Editor’s note: The theme of Gohan Lab is to help people make simple, tasty “gohan” (meals).

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The popular chicken thigh is featured in the second part of the series on “frying.” By adjusting the heat level, you can draw out the features of meat with the frying pan.

Ideally, the skin should be crisp and the meat tender. Place the chicken in the pan skin-side down, turn on the heat and cook slowly over low heat. Since the skin is fatty, the fat will melt with heat and further fry the skin until golden and crisp. On the other hand, the water content of meat when raw is about 70 percent. Low heat is best to cook to the center while limiting moisture evaporation.

Total cooking time is 13 to 15 minutes. Chicken thigh is sinewy in the part closer to the feet. The meat is less likely to curl back when incisions are made there. Cook about 80 percent from the skin side; the meat side that can harden easily should be steam-fried briefly. The overall flavor will become clear if the fat that seeps out is removed.

Salt the chicken lightly. Since salt sprinkled on the skin flows off while being cooked, sprinkle a little as a final touch. The flavor will turn out just right.


(Supervised by Kuniaki Arima in the cooking aspect and Midori Kasai in the cookery science aspect)

* Ingredients and cooking utensils (Serves two) 1 chicken thigh (300 grams), salt, bit of pepper, 1/2 tsp olive oil, 3 Tbsp water, paper towel, frying pan, aluminum foil, long chopsticks for cooking or spatula

1. Pat dry water on surface of chicken thigh with paper towel. Place skin-side down, cut off yellow fat emerging from skin. If white cartilage remains in the center part, stick tip of knife and cut off.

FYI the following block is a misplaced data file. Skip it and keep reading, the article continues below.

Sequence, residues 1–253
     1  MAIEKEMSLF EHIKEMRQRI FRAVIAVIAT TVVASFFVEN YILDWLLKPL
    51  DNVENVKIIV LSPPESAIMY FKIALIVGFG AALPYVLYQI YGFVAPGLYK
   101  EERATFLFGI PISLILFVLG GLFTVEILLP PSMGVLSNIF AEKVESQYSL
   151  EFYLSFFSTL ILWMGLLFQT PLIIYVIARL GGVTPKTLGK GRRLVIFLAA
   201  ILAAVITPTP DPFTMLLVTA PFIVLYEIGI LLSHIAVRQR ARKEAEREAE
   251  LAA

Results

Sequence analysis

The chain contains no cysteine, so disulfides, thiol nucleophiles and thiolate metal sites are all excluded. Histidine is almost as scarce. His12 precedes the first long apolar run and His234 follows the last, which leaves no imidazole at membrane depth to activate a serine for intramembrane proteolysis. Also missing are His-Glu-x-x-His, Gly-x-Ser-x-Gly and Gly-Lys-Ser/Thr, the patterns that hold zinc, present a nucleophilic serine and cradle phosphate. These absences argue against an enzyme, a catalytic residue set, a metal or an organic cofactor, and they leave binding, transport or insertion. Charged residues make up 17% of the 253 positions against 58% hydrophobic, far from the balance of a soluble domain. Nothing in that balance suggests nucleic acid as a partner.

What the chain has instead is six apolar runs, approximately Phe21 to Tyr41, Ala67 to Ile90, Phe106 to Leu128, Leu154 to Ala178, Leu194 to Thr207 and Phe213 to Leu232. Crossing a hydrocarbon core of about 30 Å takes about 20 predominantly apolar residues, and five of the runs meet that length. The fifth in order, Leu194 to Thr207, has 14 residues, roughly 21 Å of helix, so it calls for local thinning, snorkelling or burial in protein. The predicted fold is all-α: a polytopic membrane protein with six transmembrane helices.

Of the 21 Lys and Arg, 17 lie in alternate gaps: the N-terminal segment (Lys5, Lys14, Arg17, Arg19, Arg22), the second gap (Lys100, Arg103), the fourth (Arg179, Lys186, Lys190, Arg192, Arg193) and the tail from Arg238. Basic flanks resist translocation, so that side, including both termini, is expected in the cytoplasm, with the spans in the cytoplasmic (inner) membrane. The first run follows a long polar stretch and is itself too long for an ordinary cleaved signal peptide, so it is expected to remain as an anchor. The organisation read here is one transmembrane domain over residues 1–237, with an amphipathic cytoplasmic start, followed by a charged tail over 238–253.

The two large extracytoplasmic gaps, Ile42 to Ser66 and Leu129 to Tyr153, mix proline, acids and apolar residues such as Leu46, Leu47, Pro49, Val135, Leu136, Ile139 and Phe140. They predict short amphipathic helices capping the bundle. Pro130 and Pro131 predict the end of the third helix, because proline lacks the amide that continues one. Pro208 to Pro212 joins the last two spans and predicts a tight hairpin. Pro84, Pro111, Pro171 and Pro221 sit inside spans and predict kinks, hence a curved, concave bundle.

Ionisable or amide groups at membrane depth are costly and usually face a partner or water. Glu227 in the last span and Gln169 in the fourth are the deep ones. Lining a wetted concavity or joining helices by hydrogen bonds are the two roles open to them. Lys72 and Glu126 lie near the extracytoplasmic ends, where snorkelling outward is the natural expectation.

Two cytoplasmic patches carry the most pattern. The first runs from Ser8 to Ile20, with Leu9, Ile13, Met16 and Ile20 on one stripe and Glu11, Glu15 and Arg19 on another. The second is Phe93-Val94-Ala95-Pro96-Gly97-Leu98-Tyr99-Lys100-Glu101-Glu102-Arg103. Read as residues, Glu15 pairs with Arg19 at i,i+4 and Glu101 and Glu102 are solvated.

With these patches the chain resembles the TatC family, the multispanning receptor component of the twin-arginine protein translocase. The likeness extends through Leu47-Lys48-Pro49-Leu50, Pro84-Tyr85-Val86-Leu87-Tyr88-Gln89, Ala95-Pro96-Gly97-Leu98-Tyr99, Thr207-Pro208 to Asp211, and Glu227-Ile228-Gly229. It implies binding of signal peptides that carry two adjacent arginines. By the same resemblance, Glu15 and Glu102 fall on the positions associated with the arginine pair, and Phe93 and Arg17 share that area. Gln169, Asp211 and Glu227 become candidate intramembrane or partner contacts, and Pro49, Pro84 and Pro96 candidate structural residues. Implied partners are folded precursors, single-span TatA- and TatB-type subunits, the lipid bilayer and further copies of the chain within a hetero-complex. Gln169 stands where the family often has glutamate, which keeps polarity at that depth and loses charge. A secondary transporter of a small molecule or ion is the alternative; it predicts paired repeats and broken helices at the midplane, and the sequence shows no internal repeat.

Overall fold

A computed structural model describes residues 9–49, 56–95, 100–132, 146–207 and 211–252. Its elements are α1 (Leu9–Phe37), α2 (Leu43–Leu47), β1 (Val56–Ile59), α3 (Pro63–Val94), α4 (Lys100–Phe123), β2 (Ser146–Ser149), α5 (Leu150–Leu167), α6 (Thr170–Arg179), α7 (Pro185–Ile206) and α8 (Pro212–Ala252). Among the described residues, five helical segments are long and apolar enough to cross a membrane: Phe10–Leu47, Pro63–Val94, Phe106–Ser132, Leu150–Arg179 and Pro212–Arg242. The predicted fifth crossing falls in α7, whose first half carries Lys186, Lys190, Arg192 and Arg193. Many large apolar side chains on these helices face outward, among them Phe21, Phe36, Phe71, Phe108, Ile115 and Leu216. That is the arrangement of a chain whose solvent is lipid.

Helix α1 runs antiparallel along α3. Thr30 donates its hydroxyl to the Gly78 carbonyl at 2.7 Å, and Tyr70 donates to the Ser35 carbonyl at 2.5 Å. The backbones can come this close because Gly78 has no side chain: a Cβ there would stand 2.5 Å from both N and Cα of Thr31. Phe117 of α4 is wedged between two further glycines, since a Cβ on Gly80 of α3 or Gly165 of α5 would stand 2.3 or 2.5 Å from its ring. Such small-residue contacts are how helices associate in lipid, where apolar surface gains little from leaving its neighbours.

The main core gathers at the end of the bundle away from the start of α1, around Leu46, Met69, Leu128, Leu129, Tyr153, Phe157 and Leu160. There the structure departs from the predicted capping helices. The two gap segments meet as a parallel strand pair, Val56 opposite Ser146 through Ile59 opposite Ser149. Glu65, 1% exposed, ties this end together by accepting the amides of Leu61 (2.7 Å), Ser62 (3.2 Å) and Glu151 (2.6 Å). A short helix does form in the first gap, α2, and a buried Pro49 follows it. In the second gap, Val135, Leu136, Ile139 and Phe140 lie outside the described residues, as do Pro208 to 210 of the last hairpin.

2. Make incisions in meat. Section with white tendons is the foot side. Make three incisions 3 to 4 cm apart at right angles to tendons (PHOTO A). Use 1/4 tsp salt in the preparation stage. Sprinkle half of salt and bit of pepper on meat side, sprinkle rest of salt on skin side. Leave for 2 to 3 minutes for salt to settle. Pat dry water on skin again.

3. Pour olive oil in frying pan, place chicken skin-side down. Move meat so that oil coats entire skin. Turn to low heat.

4. When fat melts and starts to sizzle after about 5 minutes, cover entire chicken with aluminum foil (PHOTO B). When entire skin turns golden after another 5 to 6 minutes, remove foil, slightly tip pan and turn up heat slightly. Absorb excess fat from skin with paper towel.

5. Turn meat and pour water down the side of pan. Lightly shake pan to and fro to melt flavor of chicken that has stuck to pan, and let steam rise for about 2 minutes (PHOTO C). Sprinkle 1/6 tsp salt on skin. Serve chicken on plate, reduce remaining juice in pan and pour over meat.

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Kuniaki Arima is the owner-chef of Passo a Passo, an Italian restaurant in Tokyo’s Fukagawa.

Midori Kasai is a professor at Ochanomizu University and chairperson of the Japan Society of Cookery Science.


<Soy butter sauce>

Cook chicken thigh as above. Instead of sprinkling salt as a final touch, add 1/3 tsp soy sauce and then 1 tsp butter in pan and coat chicken. Cut into appropriate size and serve with tomato and herb (rosemary in photo) if desired.


Choose low heat when cooking thick meat for a juicy finish. The higher the heat, the more the protein of meat will shrink. It will no longer be able to carry the water present between the muscle fibrils, and the meat juice will flow out. Over high heat, the meat will start to dry from the surface before the center is done.


Question: Various types of salt are sold. Are there effective ways to use them differently?

Answer (By Naohito Yoshikawa): Are you aware of the difference in the bulk density? “A teaspoonful” of common salt (“shokuen”) with especially small and dry grains weighs 6.5 grams, while flaky types or wet ones that fill the spoon loosely weighs 4.5 grams. This difference gives us the impression that the saltiness differs among salts. So if a large amount of salt is to be used when making pickles and other food, it is better to weigh the salt to be certain.

There is also a “functional difference.” When sprinkling salt on meat or fish in the preparation stage, dry fine-grained salt is suitable to be sprinkled evenly. Meanwhile, if crushed rock salt or large-grained salt are used as a final touch on cooked meat or fish, you can enjoy the crunchy texture.

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Naohito Yoshikawa heads the Research Institute of Salt and Sea Water Science of the Salt Industry Center of Japan based in Kanagawa Prefecture.

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From The Asahi Shimbun’s Gohan Lab column